The jury in Baton Rouge rapper Torence “Lil Boosie’’ Hatch’s first-degree murder trial listened intently Wednesday to violence- and expletive-laden lyrics that prosecutors say Hatch recorded in his home just before and immediately after Terry Boyd was shot to death in 2009.
Hatch’s attorneys noted after court that Boyd’s name is not mentioned in the lyrics and said the music has nothing to do with the crime.
Hatch, 29, is accused of paying Michael “Marlo Mike’’ Louding to kill Boyd, who was fatally shot inside a Vermillion Drive home at 12:42 a.m. on Oct. 21, 2009.
Computer forensics expert Konstantinos Dimitrelos testified Wednesday that it was 11:24 p.m. on Oct. 20, 2009, when Hatch recorded a lyric in the song “187’’ that says, “Yo Marlo. He drive a Monte Carlo. I want that (expletive) dead.’’
Police detectives have testified previously that 187 is police code in California for murder.
That same night, in lyrics recorded at 11:26 p.m., Hatch calls himself the “John Gotti of the south side’’ and raps, “I want that (expletive) dead today.’’
At 11:54 p.m. that night, Dimitrelos testified, Hatch recorded the lyric, “please tell him it’s from Boosie when you hit that (expletive) up.’’
Then, at 12:50 a.m. on Oct. 21, 2009, just eight minutes after Boyd was killed, Hatch recorded a lyric to the song “Body Bag’’ that says “rock a bye baby.’’ Dimitrelos testified it was 12:51 a.m. when Hatch recorded lyrics that say, “Curtain call. Put that (expletive) brains on the wall’’ and “How you going to bust me in a body bag?’’
Prosecutor Dana Cummings had told jurors Saturday that Hatch wanted Boyd killed because Hatch learned in a letter from an inmate named Lee Lucas that Boyd, who had recently been released from prison, planned to do Hatch harm.
Hatch’s attorneys call that allegation nonsense and say Boyd’s sister and Hatch had a child together. They also contend Hatch and Boyd had no disagreement between them.
As for the lyrics played in court Wednesday, Hatch attorney Jason Williams said some of the lyrics were recorded long before Boyd was killed, and what jurors heard was “resampled’’ lyrics.
“None of these things have anything to do with Terry Boyd,’’ he said. “There’s no significance to this crime.’’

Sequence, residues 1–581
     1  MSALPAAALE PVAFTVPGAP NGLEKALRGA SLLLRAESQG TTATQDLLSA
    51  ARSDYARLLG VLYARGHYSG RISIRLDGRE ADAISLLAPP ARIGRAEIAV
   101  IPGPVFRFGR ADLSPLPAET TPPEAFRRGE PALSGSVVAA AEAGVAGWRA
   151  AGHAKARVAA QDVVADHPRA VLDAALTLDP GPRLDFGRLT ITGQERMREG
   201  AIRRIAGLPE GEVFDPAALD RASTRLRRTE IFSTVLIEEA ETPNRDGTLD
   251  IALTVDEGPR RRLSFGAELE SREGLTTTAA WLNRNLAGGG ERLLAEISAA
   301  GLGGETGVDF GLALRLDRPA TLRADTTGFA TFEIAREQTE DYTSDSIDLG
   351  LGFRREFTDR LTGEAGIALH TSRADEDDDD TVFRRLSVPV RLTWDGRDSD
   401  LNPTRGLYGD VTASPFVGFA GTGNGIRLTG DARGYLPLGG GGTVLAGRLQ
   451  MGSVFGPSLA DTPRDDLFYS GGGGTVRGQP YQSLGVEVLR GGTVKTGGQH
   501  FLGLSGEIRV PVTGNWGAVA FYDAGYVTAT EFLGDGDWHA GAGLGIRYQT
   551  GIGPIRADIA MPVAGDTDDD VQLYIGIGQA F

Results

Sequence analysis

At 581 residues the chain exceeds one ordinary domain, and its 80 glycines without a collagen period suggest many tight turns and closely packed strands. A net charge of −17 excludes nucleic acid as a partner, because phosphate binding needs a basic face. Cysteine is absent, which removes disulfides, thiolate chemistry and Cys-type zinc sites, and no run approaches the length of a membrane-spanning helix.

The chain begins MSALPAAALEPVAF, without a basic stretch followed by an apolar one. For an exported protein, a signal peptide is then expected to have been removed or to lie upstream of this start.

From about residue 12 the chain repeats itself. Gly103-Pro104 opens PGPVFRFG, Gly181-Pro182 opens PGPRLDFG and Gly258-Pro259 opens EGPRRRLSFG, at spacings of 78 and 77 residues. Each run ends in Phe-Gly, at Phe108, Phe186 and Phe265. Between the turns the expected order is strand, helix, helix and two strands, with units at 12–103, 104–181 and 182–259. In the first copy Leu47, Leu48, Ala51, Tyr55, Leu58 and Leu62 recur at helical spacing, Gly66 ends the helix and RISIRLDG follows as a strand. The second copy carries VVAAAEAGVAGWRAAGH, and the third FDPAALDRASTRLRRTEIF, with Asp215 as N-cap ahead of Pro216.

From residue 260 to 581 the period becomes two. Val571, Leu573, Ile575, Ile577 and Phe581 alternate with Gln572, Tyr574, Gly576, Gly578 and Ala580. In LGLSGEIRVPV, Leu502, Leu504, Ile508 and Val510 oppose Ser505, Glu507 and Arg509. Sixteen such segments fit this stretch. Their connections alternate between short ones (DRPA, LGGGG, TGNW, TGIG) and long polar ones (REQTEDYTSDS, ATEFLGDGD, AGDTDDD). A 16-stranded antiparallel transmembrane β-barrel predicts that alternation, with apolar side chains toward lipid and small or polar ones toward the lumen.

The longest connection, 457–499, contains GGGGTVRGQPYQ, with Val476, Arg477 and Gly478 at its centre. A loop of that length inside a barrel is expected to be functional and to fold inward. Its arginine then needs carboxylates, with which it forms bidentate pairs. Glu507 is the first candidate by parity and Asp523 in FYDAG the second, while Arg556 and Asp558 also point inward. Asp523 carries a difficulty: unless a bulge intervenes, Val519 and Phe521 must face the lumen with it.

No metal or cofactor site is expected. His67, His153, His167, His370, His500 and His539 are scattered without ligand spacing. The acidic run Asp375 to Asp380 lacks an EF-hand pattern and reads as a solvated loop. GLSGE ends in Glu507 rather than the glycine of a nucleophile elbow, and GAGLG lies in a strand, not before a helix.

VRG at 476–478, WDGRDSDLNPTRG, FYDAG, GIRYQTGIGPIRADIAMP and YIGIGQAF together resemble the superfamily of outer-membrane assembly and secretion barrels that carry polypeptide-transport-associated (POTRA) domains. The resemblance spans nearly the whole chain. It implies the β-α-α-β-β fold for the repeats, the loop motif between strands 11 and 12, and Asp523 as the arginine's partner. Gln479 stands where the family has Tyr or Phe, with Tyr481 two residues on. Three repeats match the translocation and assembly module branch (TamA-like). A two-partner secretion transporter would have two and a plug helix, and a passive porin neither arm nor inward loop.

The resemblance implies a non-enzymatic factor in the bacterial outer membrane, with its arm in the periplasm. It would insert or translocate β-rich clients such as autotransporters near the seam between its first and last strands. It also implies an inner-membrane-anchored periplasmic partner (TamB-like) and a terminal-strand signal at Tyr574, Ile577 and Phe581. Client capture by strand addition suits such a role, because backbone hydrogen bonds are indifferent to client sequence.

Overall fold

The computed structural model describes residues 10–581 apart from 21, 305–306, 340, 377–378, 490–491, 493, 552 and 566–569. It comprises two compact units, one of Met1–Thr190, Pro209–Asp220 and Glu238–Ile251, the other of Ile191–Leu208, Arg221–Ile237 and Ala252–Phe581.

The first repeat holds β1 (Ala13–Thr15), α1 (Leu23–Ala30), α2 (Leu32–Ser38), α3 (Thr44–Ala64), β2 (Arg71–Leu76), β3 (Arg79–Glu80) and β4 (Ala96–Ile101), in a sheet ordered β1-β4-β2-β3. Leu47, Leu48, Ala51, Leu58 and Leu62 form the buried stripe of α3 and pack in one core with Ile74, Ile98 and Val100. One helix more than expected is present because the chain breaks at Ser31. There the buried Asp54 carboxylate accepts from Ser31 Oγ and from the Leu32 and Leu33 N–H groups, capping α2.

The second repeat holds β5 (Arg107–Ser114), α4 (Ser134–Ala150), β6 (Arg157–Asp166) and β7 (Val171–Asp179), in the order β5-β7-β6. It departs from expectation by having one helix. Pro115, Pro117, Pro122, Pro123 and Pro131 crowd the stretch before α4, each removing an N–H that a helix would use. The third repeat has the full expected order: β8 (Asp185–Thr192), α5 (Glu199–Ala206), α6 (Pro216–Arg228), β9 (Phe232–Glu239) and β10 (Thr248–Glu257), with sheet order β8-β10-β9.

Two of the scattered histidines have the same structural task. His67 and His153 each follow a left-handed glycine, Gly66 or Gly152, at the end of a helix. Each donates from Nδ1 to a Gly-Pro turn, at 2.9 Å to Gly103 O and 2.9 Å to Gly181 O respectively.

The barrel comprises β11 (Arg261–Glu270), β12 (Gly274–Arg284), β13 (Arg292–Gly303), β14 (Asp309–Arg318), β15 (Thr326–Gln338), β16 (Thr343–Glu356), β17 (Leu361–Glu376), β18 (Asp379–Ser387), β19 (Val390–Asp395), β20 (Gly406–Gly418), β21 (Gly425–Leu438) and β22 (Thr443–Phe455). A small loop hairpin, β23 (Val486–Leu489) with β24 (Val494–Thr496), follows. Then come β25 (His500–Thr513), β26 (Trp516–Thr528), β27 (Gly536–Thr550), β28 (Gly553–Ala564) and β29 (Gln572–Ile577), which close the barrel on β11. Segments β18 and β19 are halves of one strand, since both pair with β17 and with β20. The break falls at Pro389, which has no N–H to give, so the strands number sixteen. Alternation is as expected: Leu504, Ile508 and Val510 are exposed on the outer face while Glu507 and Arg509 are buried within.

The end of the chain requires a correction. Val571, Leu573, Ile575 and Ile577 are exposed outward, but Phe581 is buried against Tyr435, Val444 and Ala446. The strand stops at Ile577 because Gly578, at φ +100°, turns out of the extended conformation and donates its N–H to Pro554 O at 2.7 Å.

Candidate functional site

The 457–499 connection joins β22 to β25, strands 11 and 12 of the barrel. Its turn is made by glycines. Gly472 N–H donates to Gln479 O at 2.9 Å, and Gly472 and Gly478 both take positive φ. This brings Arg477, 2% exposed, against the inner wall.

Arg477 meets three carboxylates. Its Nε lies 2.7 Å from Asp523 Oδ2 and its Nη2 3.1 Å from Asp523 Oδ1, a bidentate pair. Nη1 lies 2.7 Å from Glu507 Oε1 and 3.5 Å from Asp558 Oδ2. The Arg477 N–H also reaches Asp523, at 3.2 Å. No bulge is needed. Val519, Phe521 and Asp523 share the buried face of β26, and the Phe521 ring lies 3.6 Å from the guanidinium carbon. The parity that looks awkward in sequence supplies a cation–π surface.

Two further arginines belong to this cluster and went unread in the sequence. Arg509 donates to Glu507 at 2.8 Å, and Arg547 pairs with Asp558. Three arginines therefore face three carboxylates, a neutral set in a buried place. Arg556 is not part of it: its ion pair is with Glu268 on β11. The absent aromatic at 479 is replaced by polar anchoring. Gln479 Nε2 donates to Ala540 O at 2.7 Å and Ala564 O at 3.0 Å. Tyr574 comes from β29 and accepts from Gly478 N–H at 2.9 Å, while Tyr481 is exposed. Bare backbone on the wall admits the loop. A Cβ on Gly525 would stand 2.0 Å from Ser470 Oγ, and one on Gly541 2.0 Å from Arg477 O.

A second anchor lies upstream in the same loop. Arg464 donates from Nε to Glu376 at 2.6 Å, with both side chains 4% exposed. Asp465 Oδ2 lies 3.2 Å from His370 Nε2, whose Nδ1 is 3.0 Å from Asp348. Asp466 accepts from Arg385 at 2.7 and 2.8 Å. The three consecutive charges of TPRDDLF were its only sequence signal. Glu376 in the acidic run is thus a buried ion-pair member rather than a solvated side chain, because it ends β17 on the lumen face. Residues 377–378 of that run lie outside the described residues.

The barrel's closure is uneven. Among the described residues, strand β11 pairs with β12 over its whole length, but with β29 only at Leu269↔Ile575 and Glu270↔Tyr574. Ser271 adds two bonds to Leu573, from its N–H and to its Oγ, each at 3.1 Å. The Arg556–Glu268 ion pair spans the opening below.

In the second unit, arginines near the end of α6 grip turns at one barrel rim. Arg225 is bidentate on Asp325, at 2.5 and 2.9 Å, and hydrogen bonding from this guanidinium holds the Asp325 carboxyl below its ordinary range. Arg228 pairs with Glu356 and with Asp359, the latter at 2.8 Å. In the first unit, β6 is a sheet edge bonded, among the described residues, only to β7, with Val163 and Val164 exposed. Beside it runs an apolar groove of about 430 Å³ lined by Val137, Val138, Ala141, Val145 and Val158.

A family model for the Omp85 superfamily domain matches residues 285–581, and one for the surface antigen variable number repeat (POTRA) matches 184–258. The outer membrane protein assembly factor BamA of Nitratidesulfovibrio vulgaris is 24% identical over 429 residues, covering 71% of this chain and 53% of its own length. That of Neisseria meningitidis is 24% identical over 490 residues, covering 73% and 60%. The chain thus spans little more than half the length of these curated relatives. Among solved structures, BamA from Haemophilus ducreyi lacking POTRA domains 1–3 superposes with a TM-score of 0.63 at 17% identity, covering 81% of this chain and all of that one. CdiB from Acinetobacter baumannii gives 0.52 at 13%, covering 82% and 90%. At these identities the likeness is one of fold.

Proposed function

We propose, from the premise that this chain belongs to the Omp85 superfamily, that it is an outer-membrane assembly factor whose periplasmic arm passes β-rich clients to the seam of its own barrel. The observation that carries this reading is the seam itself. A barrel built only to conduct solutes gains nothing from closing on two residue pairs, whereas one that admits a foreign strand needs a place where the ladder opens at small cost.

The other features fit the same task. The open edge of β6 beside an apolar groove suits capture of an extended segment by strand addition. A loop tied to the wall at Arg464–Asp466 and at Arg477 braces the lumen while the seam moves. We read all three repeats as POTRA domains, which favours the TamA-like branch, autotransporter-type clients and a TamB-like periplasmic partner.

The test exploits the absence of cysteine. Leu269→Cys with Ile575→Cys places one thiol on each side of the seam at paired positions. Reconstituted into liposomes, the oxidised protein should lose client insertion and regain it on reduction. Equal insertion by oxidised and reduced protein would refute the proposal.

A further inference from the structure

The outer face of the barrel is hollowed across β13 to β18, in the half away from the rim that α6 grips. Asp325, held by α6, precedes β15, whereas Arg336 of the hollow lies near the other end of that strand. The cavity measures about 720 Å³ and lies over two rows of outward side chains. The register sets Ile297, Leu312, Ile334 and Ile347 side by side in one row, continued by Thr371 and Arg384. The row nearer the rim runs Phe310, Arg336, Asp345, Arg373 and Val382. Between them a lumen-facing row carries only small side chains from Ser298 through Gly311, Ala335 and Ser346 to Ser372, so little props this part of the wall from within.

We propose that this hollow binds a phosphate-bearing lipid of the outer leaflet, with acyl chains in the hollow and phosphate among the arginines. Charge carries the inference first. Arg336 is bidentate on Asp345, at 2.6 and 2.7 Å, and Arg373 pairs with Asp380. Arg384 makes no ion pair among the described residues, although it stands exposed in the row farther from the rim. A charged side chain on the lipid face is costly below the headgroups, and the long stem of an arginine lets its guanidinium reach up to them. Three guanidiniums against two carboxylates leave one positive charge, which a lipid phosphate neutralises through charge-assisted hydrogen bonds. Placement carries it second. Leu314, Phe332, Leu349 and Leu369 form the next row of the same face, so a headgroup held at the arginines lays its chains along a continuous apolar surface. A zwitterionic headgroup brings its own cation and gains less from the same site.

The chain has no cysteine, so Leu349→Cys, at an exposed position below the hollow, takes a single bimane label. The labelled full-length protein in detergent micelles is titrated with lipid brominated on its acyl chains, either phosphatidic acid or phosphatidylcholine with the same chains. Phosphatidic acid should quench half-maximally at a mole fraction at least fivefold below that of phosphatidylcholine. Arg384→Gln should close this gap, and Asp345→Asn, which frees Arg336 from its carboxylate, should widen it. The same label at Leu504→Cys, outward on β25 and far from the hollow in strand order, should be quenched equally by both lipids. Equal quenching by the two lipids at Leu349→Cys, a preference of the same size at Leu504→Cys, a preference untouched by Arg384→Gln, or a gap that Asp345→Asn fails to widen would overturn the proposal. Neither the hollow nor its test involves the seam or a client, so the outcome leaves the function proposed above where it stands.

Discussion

Fellow Hatch attorney Martin Regan accused Cummings of using the lyrics “just to slander’’ Hatch and said the lyrics are “not relevant.’’
“She is doing everything she can to put a square peg in a round hole, but it’s not going to fit,’’ he added.
Testimony will enter its sixth day Thursday in state District Judge Mike Erwin’s courtroom. The prosecution is nearing the end of its case. The anonymous jury is being sequestered in a hotel.
Dimitrelos also testified Wednesday that 15 calls were made from Louding’s cell phone between 11:22 p.m. on Oct. 20, 2009, and 12:56 a.m. on Oct. 21, 2009, and that the calls began in the vicinity of Hatch’s then-house on Pompey Drive, moved to the area where Boyd was killed, and ended in the vacinity of the Pompey residence.
Dimitrelos, who said some of the calls were made to phone numbers belonging to Hatch, acknowledged to Regan that he could not say who made the calls, what was said or who was on the other end of the line.
“Thank you for coming,’’ Regan told Dimitrelos.
Hatch’s first cousin, Carvis “Donkey’’ Webb, testified he was living in Atlanta when Boyd was killed, but said he believes Hatch and Louding, who also is charged with first-degree murder in the killing, are innocent.
Louding, who told police in May 2010 that Hatch paid him $2,800 to kill Boyd, testified Monday that neither he nor Hatch had anything to do with the slaying.
Cummings, with Webb on the witness stand Wednesday, played several taped phone conversations in which Webb tells an incarcerated Louding to say that police “whooped’’ him and that he asked for a lawyer.
In an Aug. 10, 2010, call in which Webb is speaking to an unidentified person who is relaying what Webb says to Louding, Webb states, “If Hatch walks, he (Louding) walks.’’
“Follow my lead and you’re coming home,’’ Webb adds.
Webb testified Louding “reached out to me’’ because he is in prison for something he did not do.
In another call, Webb tells Louding, “You gotta just tell the truth.’’
“Nobody saw him (Louding) do nothing. If Torence had done it, I wouldn’t be here. I ain’t gonna lie,’’ Webb testified, adding that he has served time in prison and does not plan on returning there.
“The truth is Torence Hatch is innocent and you know it,’’ Webb said in a toe-to-toe exchange with Cummings. “You not trying to get the truth.’’
“Isn’t it true that ‘follow my lead’ means tell my lies?’’ the prosecutor asked about one of Webb’s taped remarks.
“Follow my lead means tell the truth and the truth will set you free,’’ he replied.
Prosecutors are not seeking the death penalty, meaning Hatch would be sentenced to life in prison if convicted as charged in the killing of Boyd.
Louding, who is ineligible for the death penalty because he was 17 at the time of Boyd’s death, faces four other counts of first-degree murder and one count of second-degree murder in a string of slayings that began with the Feb. 9, 2009, shooting death of local up-and-coming rapper Chris “Nussie” Jackson and ended with the April 1, 2010, double-murder of Charles Matthews and Darryl “Bleek” Milton.
Adrian Pittman, 38, of Baton Rouge, also is charged with first-degree murder in Boyd’s death.
Hatch pleaded guilty in November to conspiring to smuggle drugs and other illegal contraband into Dixon Correctional Institute and the Louisiana State Penitentiary. He was sentenced to eight years in prison.